With the perpetual uncertainty of COVID-19, schools are scrambling to keep up with psychoeducational evaluations for special education. School psychologists want to know how to complete valid assessments, stay safe, and meet timelines, while families want to know how to get the educational support their children so desperately need. Thanks to a model known as collaborative or therapeutic assessment, we think we’ve found an answer to both questions.
Practitioners must also consider the best interests of the children they serve…which includes not abandoning clients in times of need.
It all starts with the amazing work of Dr. Deborah Tharinger, a founding member of the Therapeutic Assessment Institute. Dr. Tharinger has proposed that schools might use the principles of Therapeutic Assessment to further help kids, and we could not be more excited.
It has been noted that the way in which assessment is typically practiced profoundly undermines the usefulness of this potentially powerful diagnostic tool and therapeutic intervention.
Therapeutic Assessment was born from a paradigm known as therapeutic, or collaborative, assessment. This paradigm is our jam. After all, Psyched Services was created with collaboration as the keystone. Collaboration with fellow clinicians sharpens our clinical skills and keeps us up to date with the latest research and community resources. Collaboration with educators and families enhances our understanding of each child and ensures that recommendations are practical, meaningful, and useful to the people who need them.
But this spring, as the world shuttered to a halt with COVID and our team was given the gift of time, we realized that one piece was missing from our collaborative model: the students themselves. So, we drew inspiration from Dr. Tharinger’s work, took our gift of time, and got to work improving our model.
Why Collaboration Works
It’s always about the children.
Collaborating with students is not a new idea for us. As school psychologists, we care about our students’ well-being above all else, and we work hard to center their voices. It’s not just the right thing to do; it’s the equitable thing to do. But collaborative assessments take this idea to the next level. They change the way we view assessment altogether. Instead of a top-down expert approach, collaborative assessments say that the clients are the experts. Instead of the end goal being test scores and diagnoses, collaborative assessments say that the process itself can be made therapeutic. You don’t have to take our word for it. There’s research to back it up.
Top 5 Benefits of Collaborative Assessment
1. It allows us to focus on helping kids.
Right now, everyone is worried about kids. It’s not just COVID disrupting their lives. It’s COVID and police brutality and natural disasters and opiod overdoses and suicide rates. More than usual, school psychologists have reason to worry that test scores will not reflect a child’s true ability. That said, we still have a duty to assess. Taking a therapeutic approach means that we focus on building relationships, which in turn gives us a better picture of the whole child and provides more meaningful results.
2. It makes the data more useful.
Collaborative assessments don’t dictate or change the data; they just make the data more useful. No matter what environment we find ourselves in, taking a therapeutic approach means that we look at far more than test scores. We view test sessions as a way to recreate daily experiences, witness how a student responds in real time, and get feedback from them, their family members, and their teachers about what the scores might mean.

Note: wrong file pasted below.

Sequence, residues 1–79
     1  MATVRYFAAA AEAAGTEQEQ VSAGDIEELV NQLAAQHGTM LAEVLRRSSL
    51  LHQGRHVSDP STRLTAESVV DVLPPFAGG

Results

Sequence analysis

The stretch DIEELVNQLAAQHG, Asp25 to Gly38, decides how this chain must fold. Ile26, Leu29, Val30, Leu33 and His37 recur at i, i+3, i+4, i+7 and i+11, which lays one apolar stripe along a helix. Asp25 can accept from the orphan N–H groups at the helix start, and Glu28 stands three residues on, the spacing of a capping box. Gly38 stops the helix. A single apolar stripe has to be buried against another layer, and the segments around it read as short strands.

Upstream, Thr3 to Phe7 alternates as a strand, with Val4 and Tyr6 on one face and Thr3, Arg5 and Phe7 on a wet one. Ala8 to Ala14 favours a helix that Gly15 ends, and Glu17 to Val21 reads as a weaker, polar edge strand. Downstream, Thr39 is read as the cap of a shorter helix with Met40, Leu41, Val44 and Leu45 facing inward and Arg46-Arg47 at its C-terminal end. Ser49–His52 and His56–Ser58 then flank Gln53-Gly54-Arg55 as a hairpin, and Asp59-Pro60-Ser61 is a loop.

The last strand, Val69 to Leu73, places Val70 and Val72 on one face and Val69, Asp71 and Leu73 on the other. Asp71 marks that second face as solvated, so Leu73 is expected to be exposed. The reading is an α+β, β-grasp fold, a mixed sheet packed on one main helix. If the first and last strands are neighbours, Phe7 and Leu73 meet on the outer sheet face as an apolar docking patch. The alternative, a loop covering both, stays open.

3. It amplifies family and educator voices.
A key component of collaborative assessment is learning what questions families, educators, and students have, then working with them throughout the process to answer those questions. Yes, special education testing comes with predetermined questions (i.e. is the student eligible for placement and what services do we recommend), but the true spirit of the law is to help kids. Helping kids means learning their whole story, and learning their whole story means understanding – and addressing – what led them to be referred in the first place.
4. It is culturally responsive.
We cringe when schools leave family voices out of psychoeducational assessments. While we understand that special education assessment is intended for school purposes only, there is absolutely no way to be culturally responsive without getting to know a student’s home life, family values, and community involvement. Taking the time to get to know a student outside of school ends up saving time and creating more helpful data in the long run.
5. It provides recommendations that are practical for everyone.
For the reasons we’ve just discussed, the therapeutic approach lends itself to highly descriptive, individualized, and relevant reports. Getting to know a student’s full story means that test results are easier to interpret and apply to the real world, which in turn yields recommendations that are vetted and practical for all involved.
So how does this help with COVID-19 assessments?
No matter what test procedures schools need to use right now, collaborative assessments can adapt. There is no need to spend extra time, money, and energy to relearn tools that may or may not be valid. Instead, clinicians can simply make better use of the data they already have.
For our part, we’re using a strength-based system to deliver results to students using approachable language, a story-based format, and captivating images. We infuse therapeutic elements into the process so that students, families, and educators get what they need from assessment, no matter what. Check out these video introductions and schedule a free consultation to learn more!